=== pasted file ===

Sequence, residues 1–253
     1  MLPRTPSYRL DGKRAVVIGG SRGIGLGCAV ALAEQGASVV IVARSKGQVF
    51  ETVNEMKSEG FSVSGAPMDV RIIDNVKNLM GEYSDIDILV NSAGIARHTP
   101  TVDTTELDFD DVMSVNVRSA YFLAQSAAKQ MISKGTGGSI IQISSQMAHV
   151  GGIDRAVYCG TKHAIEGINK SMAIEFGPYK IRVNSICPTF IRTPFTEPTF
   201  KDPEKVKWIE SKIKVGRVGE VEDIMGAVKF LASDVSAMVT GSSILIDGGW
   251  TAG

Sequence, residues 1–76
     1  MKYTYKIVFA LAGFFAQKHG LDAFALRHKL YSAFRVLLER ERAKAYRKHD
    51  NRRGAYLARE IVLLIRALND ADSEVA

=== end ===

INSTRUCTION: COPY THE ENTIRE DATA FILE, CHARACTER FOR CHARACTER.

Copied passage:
Sequence, residues 1–253
     1  MLPRTPSYRL DGKRAVVIGG SRGIGLGCAV ALAEQGASVV IVARSKGQVF
    51  ETVNEMKSEG FSVSGAPMDV RIIDNVKNLM GEYSDIDILV NSAGIARHTP
   101  TVDTTELDFD DVMSVNVRSA YFLAQSAAKQ MISKGTGGSI IQISSQMAHV
   151  GGIDRAVYCG TKHAIEGINK SMAIEFGPYK IRVNSICPTF IRTPFTEPTF
   201  KDPEKVKWIE SKIKVGRVGE VEDIMGAVKF LASDVSAMVT GSSILIDGGW
   251  TAG

Sequence, residues 1–76
     1  MKYTYKIVFA LAGFFAQKHG LDAFALRHKL YSAFRVLLER ERAKAYRKHD
    51  NRRGAYLARE IVLLIRALND ADSEVA